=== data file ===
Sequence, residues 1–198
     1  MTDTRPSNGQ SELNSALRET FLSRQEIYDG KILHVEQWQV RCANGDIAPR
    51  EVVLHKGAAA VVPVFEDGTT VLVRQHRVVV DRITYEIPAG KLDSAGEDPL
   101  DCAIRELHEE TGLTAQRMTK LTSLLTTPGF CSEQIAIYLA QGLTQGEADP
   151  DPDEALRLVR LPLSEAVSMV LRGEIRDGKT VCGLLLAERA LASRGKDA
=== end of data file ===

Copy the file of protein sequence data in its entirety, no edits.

Sequence, residues 1–198
     1  MTDTRPSNGQ SELNSALRET FLSRQEIYDG KILHVEQWQV RCANGDIAPR
    51  EVVLHKGAAA VVPVFEDGTT VLVRQHRVVV DRITYEIPAG KLDSAGEDPL
   101  DCAIRELHEE TGLTAQRMTK LTSLLTTPGF CSEQIAIYLA QGLTQGEADP
   151  DPDEALRLVR LPLSEAVSMV LRGEIRDGKT VCGLLLAERA LASRGKDA